18 Apr Enhancing Education through Social Media

Social Media has opened the door for teachers to expand the classroom experience with unlimited access that goes beyond the walls of school building. Often times Facebook, Instagram, and Twitter are associated solely with connecting and communicating with friends and family, but it is also a platform to share information, make new discoveries, and shape the narrative that tells a story. In a great example, this past January, Julia DeCoteau 7th grade teacher at Mott Hall Bridges Academy, was able to successfully execute a non-fiction unit of study based on the book, “I am Malala”, through social media. Written by Mala Yousafzai, this is the story of a remarkable young woman who was nearly assassinated because she advocated for grls to have access to education in areas like Pakistan. Ms. DeCoteau believed the scholars would be able to empathize with Malala’s story and make connections because of their own experiences with daily violence and lack of equity, that exist in a poor community such as Brownsville, Brooklyn.


Prior to beginning the unit, there were many challenges presented that included loss of funding impacting the purchasing of the ‘I am Malala’ books; lack of knowledge of a patriarchal society; limited understanding regarding communities outside of Brownsville. This made social media an essential resource in teaching the text because Ms. Decoteau was able to request 40 books on www.Donorschoose.org, an online website that allows the public to donate to projects uploaded by schoolteachers that are in need of funding. After posting the link for donations on our Mott Hall Bridges Academy Facebook page, the project was funded within a week and the books were delivered via Amazon.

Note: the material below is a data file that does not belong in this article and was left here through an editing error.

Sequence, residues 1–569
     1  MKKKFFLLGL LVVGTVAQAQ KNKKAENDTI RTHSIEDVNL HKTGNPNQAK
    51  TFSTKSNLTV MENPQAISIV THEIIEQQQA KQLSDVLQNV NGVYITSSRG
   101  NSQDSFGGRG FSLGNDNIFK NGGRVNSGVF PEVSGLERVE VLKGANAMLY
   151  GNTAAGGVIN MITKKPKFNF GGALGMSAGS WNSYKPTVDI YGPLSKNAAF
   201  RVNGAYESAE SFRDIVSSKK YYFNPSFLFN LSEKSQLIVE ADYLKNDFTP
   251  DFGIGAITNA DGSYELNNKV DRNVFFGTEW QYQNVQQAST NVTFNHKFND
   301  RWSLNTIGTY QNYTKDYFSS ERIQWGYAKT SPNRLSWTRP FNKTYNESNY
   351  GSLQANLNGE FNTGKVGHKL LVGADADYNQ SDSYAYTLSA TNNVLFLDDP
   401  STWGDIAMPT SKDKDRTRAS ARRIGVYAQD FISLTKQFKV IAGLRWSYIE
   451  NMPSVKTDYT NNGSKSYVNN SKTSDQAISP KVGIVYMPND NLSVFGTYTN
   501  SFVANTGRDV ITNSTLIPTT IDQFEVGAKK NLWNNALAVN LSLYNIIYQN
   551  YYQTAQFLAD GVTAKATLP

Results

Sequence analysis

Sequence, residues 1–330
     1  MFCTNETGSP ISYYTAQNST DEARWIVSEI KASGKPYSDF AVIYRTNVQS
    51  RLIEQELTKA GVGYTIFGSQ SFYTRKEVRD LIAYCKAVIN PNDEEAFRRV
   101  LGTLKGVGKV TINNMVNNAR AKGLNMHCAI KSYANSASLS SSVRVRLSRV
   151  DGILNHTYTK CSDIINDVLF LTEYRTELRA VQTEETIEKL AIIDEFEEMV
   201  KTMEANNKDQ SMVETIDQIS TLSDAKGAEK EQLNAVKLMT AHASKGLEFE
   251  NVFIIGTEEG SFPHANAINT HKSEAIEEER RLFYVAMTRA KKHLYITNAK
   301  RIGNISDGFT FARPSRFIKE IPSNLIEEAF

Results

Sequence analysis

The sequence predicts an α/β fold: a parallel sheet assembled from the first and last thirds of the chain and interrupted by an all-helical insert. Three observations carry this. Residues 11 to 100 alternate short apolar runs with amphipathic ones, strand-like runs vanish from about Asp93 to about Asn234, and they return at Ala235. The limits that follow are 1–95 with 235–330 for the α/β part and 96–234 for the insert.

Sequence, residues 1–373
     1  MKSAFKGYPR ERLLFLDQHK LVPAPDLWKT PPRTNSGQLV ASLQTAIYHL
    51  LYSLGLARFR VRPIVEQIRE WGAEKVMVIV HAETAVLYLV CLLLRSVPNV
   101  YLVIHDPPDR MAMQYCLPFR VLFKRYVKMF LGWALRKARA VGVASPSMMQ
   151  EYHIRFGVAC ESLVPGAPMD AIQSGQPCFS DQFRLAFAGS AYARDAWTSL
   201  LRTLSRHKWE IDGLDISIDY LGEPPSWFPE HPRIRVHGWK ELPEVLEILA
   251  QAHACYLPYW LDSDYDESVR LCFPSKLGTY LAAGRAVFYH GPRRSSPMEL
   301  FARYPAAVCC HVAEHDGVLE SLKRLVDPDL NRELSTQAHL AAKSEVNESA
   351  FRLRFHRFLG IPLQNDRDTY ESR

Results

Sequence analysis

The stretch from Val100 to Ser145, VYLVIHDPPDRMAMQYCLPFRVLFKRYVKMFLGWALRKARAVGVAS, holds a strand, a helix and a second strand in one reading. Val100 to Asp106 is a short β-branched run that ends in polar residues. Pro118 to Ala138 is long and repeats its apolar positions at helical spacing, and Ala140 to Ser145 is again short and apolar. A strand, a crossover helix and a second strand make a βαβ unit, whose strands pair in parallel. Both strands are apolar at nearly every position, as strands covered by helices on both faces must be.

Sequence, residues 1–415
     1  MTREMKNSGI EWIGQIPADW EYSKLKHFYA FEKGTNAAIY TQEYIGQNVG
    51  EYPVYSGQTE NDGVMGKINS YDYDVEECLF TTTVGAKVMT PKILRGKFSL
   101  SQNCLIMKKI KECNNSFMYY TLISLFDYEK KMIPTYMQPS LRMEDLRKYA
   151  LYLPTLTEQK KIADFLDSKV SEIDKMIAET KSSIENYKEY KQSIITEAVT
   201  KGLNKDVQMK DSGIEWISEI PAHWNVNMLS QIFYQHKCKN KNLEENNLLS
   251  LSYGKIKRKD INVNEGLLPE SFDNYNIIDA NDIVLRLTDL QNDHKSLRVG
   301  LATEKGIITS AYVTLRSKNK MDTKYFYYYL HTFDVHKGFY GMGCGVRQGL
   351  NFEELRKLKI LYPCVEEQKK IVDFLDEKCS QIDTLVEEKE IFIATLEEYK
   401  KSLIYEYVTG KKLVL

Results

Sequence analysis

To build context and make connections to the scholars prior knowledge, the use of TED Talks that included Shiza Shahid and Ziauddin Yousafzai, Malala’s father helped to provide a first person account of Malala’s mission and resilience despite the violence she encountered as a young woman. Throughout the four-week unit, photos were uploaded on Facebook and Twitter to share with the world how a community that has been labeled as disenfranchised children could use social media to give access information that would enhance the learning of Malala’s story.


The power of social media is that it allows for the connection and sharing of information, which gives our children in any classroom the access to experience a world beyond the limitations of their own neighborhood. It has also been a resource that has deepened their understanding through a perspective that will prepare our scholars to become compassionate, tolerant and empathetic, qualities needed to become global citizens.

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